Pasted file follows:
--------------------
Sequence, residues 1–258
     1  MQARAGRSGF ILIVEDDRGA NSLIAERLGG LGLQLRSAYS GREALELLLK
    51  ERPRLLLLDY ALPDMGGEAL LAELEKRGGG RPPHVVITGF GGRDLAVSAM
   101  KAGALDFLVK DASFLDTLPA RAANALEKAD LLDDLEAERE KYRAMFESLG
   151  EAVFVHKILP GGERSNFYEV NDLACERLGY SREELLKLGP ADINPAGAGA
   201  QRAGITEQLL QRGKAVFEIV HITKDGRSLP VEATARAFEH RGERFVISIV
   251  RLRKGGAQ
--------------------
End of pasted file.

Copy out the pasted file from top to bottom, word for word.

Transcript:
Sequence, residues 1–258
     1  MQARAGRSGF ILIVEDDRGA NSLIAERLGG LGLQLRSAYS GREALELLLK
    51  ERPRLLLLDY ALPDMGGEAL LAELEKRGGG RPPHVVITGF GGRDLAVSAM
   101  KAGALDFLVK DASFLDTLPA RAANALEKAD LLDDLEAERE KYRAMFESLG
   151  EAVFVHKILP GGERSNFYEV NDLACERLGY SREELLKLGP ADINPAGAGA
   201  QRAGITEQLL QRGKAVFEIV HITKDGRSLP VEATARAFEH RGERFVISIV
   251  RLRKGGAQ